a power of 80%. The incidence of shivering was 65% in group B (P1) and 25% in
group BP (P2) in this preliminary study. This established that a sample size
of twenty four patients was adequate per group. Thirty five parturients enrolled
in each group to compensate for possible none valuable data. The Statistical
Package for Social Science (SPSS) for Windows, version 16 (SPSS Inc., Chicago,
IL) was used for data analysis. The quantitative variables (age, weight, height,
Body Mass Index (BMI), Heart Rate (HR), Systolic Blood Pressure (SBP), Dyastolic
Blood Pressure (DBP), Apgar score, Core and skin temperature, Surgery duration
and time to reach highest block, incidence of shivering between groups analysed
by Independent t-tests. The highest segment blocked, shivering intensity and
incidence and other proportions between groups Compared by chi-square test.
Mann-Whitney U-test was used between two-group comparisons by Bonferroni correction
if needed. X2 tests or Fishers exact test as appropriate were used to
compare dichotomous nominal variables such as vomiting, nausea, respiratory
distress and pruritus. Data are reported as means-standard deviation for 95%
confidence interval. A 2-sided p value<0.05 was considered statistically
There were no significant differences between the 2 groups regarding demographic and surgical data, except the time to reach the highest sensory level block, shorter in the group receiving meperidine (Table 1).
|| Demographic and surgery data during the whole time of the
study period. Values are Mean±SD or median (range)
|aB: Control group. BM: Case group, bBMI:
Body mass index. SBP: Systemic blood pressure. DBP: Diastolic blood pressure
||Frequency of adverse effects due to use of meperidine and
placebo in the two study groups during the whole time of the study period
|aB: Control group. BM: Case group, bFrequency
(percentage) is reported
||Incidence of shivering during the whole time of the study
period in the meperidine group was significantly lower than the controls:*p<0.05
There were no differences in adverse effects between the two study groups (Table 2).
The incidence of shivering during the whole time of the study period was significantly
decreased in the group of parturients who received intrathecal meperidine (p<0.001)
(Fig. 2). Shivering was less intense in the BM group compare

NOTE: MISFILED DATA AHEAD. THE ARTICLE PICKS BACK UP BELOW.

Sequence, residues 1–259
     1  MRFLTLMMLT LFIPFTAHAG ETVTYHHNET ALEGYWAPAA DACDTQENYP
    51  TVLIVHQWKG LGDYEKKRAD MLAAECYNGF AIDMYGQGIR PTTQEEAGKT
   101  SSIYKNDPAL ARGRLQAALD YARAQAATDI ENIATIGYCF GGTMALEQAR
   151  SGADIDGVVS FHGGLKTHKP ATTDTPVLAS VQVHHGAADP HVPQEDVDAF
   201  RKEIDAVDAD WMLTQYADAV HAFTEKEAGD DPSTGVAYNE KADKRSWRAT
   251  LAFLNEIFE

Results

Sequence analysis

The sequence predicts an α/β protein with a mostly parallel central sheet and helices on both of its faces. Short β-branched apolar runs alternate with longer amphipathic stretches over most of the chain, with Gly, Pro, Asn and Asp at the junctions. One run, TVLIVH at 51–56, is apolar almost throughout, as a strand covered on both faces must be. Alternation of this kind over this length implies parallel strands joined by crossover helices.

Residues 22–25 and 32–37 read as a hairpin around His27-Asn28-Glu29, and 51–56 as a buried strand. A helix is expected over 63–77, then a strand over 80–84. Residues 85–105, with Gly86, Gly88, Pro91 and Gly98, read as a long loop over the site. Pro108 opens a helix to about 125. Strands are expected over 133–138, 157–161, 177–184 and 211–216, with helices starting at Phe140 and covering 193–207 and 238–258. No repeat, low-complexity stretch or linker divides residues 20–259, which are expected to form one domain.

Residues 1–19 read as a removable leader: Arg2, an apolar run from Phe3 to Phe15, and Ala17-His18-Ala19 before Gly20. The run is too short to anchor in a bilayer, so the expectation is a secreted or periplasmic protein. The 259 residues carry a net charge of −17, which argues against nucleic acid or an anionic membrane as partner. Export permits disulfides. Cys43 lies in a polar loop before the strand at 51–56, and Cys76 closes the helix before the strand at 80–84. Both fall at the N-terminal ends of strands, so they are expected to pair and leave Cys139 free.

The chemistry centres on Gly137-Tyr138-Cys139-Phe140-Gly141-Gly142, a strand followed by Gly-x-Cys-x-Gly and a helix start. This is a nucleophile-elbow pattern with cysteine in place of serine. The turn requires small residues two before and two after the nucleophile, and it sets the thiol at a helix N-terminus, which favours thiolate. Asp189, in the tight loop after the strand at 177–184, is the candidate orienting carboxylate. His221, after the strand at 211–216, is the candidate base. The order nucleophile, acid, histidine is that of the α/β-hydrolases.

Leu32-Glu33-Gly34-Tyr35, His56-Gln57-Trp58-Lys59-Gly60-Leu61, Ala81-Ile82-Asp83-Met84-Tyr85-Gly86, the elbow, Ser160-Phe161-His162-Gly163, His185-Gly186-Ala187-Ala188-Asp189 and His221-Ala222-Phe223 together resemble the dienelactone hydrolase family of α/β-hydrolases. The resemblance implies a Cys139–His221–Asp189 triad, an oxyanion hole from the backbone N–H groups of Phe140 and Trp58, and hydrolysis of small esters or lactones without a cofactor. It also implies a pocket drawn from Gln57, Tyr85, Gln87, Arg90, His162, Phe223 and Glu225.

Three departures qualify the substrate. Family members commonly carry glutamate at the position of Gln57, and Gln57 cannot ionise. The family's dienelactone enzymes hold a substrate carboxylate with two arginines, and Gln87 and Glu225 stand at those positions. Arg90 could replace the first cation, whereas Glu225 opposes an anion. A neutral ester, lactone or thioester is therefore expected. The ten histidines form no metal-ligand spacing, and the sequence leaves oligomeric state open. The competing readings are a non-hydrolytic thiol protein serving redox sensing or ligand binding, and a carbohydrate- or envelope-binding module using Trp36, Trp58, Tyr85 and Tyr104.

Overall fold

to B group during the whole time of the study period (p<0.05) (Fig.
3). None of the parturients receiving meperidine experienced grade 3 or
4 shivering, whereas it concerns 8 ( 22.86%) parturients in the group B (Table
||Shivering intensity for each patient, (0): No shivering, (1):
Pillow erection or peripheral vasoconstriction but no visible shivering,
(2): Mmuscular activity in only one muscle group, (3): Muscular activity
in more than one muscle group but not generalized shivering; (4): Shivering
involving the whole body. Shivering was less intense in the BM group (p<0.05).
B group = Control group; BM group = Case group
Clonidine was used as a rescue for shivering treatment over 2 parturients
of BM group and thirty of controls. Need for analgesic drugs was more in the
controls (p<0.001). Apgar scores were similar for the two study groups (p>0.05).
No patient had to be excluded due to the need for supplementary sedation or
inadequate spinal anesthesia.
According to reported data, adding small dose of intrathecal meperidine (10 mg) reduces the incidence and intensity of intra- and post-operative shivering of obstetric population in caesarean section under spinal anesthesia without increasing adverse events.
|| Incidence and intensity of shivering in B and BP groups
|B: Control group. BM: Case group, Frequency (percentage) is
reported. x2 test or Fishers exact test was used
In the present study, shivering was significantly less intense in experimental
group compare to controls. The Authors study are in agreement with the recent
studies that showed less intensity of shivering in meperidine used group (Khan
et al., 2011; Chen et al., 1993;
Roy et al., 2004; Hong
and Lee, 2005). In the recent literature, a complete discussion of antishivering
mechanism of meperidine can be found (Fukuda, 2005).
Meperidine is a synthetic opioid binds to both mu and kappa receptors which
are useful for treating moderate to severe pains. Anti shivering effect is due
to binding to both alpha and beta-two receptors (Locks,
2012; Bryant et al., 2011). In a Meta-analysis
study demonstrated that just 1.3 patients need to be treated stop shivering
in one single patient after administration of IV meperidine. (Kranke
et al., 2004) Prevention of shivering has not been fully understood,
as compared with treatment. The alfentanil, morphine and fentanyl are not as
effective as meperidine in treating shivering (Pang
et al., 1998; Nishikawa et al., 2000;
Karakaya et al., 2001). In present study, the
author used intrathecal form of meperidine for its antishivering effect. Recent
data showed that intrathecal meperidine is more useful than IV and IM forms
of meperidine in reducing severity and incidence of shivering (Hu
et al., 1992; Nordberg et al., 1988)
it may because of types of receptors that they may involve. The authors study